Disabled when starting 72(q)
L1: Disabled when starting 72(q)I have a very strange situation I am trying to help one of my clients with, but I can”t seem to find the right answer. He is currently disabled and receiving SSDI payments. If we were to being making withdraws right now from an annuity he already owns, would the information I”ve read on IRS penalties be waived because he is disabled or do we still need to abide by 72q since he was disabled before we started taking distributions? Also, if it is waived, does that mean we can take out any amount we desire at any time without IRS penalty?
Lastly, if anyone knows, would these withdraws from an annuity be considered income for calculating SSDI payments or do they fall under investment earnings, which are not counted? Thanks in advance to anyone who can help -2008-06-28 07:06, By: Advisor, IP: [126.96.36.199]
L2: Disabled when starting 72(q)In the vast majority of cases SSDI recipients are home free and can freely claim the disability exception without a 72q plan. The following is copied from this site and applies equally to 72q:
Q. What is the Definition of Disability for 72(t)?? A. The definition of disability can be found in IRC Section 72(m)(7). In one case,Dwyer v. Comm., 106 TC No. 18 (1996), the Tax Court agreed with the IRS and stated… For purposes of this rule, an individual is considered disabled if “he is unable to engage in any substantial gainful activity by reason of any medically determinable physical or mental impairment which can be expected to result in death or to be of long-continued and infinite duration.” The Code specifies that an individual must be able to furnish proof of his disability in whatever form and manner that the Service may require. The court noted that the regulations under Section 72 also state that an impairment that is remediable does not constitute a disability.>>>>>>>>> >>>>>>>>>>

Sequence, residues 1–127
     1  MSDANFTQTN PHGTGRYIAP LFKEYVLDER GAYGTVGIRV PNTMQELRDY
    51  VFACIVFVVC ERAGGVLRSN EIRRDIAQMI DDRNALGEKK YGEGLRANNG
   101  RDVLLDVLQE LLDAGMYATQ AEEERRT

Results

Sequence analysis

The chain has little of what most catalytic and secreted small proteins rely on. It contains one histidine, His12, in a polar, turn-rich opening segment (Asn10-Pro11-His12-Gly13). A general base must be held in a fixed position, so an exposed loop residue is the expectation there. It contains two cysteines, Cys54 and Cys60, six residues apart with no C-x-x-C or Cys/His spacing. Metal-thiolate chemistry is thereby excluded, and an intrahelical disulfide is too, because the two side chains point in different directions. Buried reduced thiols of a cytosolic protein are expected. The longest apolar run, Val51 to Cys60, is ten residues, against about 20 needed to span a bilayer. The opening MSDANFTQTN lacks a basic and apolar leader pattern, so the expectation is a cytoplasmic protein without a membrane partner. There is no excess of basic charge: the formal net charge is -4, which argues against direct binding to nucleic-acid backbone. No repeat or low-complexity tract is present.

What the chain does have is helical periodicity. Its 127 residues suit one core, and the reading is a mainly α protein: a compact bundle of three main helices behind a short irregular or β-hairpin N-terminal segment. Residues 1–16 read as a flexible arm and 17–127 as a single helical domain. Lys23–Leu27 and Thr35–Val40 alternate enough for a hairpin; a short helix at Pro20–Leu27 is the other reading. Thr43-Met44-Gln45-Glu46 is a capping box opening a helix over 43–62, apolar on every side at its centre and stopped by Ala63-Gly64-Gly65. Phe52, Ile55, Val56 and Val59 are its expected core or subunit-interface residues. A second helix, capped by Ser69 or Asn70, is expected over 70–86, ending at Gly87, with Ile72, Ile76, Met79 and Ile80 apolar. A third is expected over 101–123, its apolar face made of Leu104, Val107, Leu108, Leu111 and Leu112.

However, just in caseyour client”s disability situation may not measure up, one thing he should do is get MD statementsaddressing the permanence of his condition and submit them to theannuity provider with a request for written confirmation that they will code the 1099R with the disability exception of “3” in Box 7. Lackingthat assurance, he might considertaking distributions that would fall into the 72qcalculation so he would have a plan to fall back on if the insurer resists. While unlikely, I mention this just in case his situation is borderline.
Annuity distributions are not earned income and will not trigger the earnings penalty on the SSDI. However, these distributions do increase his AGI and could thereforeresult in up to 85% of his SSDI to be included in his AGI. Distributions from the annuity will first come from earnings and that will also increase his AGI in comparison to later distributions.
2008-06-28 11:53, By: Alan S., IP: [188.8.131.52]